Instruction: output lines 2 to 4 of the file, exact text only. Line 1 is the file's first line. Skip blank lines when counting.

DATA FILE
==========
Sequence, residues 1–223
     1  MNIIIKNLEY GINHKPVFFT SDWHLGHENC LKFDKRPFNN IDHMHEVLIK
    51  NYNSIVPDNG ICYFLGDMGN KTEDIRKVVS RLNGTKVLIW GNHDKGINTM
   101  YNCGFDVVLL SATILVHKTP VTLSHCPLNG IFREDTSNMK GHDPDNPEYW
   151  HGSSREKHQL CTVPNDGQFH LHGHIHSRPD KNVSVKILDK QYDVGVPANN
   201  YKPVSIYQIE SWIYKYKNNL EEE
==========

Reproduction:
     1  MNIIIKNLEY GINHKPVFFT SDWHLGHENC LKFDKRPFNN IDHMHEVLIK
    51  NYNSIVPDNG ICYFLGDMGN KTEDIRKVVS RLNGTKVLIW GNHDKGINTM
   101  YNCGFDVVLL SATILVHKTP VTLSHCPLNG IFREDTSNMK GHDPDNPEYW